Can Obesity Economics Favor Treatment?

Doctors aren’t the only people worried about our weight. Economists are concerned, too. Because of obesity economics, people living longer with diseases caused by excess weight adds up to major economic blow.

At a meeting of the American Economic Association held just after news of the Flegel study broke, economists groaned. The study suggests that having just a little excess weight won’t hurt and might help life expectancy. (Note: the overall finding of the study, that excess weight and obesity generally leads to higher mortality and morbidity rates, was largely ignored by the media.)

As economists reasoned, if people with excess weight and obesity are going to get chronic diseases like diabetes, heart disease, and hypertension and live longer, the burden to our economy will increase. The picture of America’s future painted by the economics of obesity is not pretty. Economists may be able to help. Some are pushing for economics-orientated solutions such as raising taxes on sugary beverages or changing the way physicians are reimbursed for treatment of obesity.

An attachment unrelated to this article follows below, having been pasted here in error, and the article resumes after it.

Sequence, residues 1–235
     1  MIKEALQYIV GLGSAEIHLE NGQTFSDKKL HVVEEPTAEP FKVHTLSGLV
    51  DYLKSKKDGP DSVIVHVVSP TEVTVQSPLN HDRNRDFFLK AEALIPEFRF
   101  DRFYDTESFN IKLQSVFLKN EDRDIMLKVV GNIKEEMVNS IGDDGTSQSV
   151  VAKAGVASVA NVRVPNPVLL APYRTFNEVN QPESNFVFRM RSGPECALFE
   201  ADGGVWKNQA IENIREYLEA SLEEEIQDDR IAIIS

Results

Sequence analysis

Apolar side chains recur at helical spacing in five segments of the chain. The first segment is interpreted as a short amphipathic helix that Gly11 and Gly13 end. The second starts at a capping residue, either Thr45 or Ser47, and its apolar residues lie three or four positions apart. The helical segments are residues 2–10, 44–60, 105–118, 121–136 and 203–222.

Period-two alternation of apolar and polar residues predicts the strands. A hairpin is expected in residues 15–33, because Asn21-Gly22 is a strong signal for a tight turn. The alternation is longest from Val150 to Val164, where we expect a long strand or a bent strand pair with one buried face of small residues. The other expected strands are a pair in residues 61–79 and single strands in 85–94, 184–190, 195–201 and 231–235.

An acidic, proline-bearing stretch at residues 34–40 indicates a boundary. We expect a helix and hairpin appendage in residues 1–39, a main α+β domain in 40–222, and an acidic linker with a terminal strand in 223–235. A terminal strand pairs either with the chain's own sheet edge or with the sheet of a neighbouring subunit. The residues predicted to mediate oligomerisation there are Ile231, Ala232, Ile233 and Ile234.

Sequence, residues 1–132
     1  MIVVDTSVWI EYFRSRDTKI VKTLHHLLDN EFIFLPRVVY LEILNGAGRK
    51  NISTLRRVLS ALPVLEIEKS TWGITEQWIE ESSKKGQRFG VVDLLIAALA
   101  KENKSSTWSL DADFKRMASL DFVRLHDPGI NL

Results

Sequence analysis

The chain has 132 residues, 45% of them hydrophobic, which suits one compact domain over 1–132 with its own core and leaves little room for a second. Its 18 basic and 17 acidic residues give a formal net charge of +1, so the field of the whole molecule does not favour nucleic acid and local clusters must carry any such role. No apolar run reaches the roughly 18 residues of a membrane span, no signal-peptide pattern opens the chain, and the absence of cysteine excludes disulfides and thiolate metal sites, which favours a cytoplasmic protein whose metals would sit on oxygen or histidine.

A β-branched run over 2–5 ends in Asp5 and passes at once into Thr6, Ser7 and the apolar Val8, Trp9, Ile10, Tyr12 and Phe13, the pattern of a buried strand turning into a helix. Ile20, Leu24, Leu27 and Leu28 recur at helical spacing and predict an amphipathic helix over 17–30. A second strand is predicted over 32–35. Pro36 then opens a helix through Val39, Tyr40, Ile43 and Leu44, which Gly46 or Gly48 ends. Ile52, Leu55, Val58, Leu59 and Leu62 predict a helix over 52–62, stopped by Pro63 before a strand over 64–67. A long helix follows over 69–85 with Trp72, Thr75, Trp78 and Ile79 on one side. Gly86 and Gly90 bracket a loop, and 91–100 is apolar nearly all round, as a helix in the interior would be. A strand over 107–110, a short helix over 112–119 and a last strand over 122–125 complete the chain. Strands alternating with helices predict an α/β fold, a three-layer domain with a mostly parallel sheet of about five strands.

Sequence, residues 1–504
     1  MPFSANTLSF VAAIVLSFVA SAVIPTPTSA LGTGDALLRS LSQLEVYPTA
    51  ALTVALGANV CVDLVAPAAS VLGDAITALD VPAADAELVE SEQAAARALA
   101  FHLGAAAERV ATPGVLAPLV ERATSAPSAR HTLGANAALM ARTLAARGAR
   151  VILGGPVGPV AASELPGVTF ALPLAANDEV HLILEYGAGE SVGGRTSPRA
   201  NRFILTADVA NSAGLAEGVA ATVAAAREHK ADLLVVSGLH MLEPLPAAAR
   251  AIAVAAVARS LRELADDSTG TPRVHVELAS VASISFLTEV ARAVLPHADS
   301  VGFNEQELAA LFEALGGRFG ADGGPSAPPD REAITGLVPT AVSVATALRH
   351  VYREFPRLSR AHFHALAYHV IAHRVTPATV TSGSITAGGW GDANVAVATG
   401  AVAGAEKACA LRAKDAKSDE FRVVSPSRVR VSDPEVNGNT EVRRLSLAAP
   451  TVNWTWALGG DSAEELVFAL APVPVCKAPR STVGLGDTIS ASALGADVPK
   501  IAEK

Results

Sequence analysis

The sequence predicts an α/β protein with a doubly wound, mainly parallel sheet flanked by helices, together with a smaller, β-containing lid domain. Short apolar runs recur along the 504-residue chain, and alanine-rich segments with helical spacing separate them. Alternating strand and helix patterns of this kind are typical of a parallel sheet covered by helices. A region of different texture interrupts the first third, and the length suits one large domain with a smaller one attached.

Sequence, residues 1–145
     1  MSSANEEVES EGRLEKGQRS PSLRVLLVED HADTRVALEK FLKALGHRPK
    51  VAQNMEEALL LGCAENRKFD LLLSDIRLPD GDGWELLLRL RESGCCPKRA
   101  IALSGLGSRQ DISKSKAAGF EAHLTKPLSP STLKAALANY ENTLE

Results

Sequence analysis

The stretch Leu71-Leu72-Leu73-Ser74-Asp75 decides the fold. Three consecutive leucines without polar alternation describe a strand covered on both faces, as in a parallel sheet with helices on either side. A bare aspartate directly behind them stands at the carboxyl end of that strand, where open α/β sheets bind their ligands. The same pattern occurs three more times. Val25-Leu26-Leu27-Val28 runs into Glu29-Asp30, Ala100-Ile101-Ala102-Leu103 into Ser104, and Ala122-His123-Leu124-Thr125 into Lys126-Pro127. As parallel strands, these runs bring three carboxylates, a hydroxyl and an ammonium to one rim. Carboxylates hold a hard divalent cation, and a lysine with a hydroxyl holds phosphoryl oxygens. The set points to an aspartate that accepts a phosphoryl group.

Right now, it’s easier for doctors to get paid for treating the diseases caused by obesity and excess weight than it is to get reimbursed for helping their patients learn to prevent obesity. And whether you’re an economist or a concerned citizen, that’s just nuts.

Click here to read more in the New York Times.

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